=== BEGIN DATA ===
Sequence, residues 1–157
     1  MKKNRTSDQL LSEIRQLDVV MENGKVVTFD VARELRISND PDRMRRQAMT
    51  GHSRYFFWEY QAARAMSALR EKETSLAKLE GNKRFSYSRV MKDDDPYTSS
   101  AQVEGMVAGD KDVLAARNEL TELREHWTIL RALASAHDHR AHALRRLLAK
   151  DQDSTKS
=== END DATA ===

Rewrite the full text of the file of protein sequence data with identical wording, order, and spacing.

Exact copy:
Sequence, residues 1–157
     1  MKKNRTSDQL LSEIRQLDVV MENGKVVTFD VARELRISND PDRMRRQAMT
    51  GHSRYFFWEY QAARAMSALR EKETSLAKLE GNKRFSYSRV MKDDDPYTSS
   101  AQVEGMVAGD KDVLAARNEL TELREHWTIL RALASAHDHR AHALRRLLAK
   151  DQDSTKS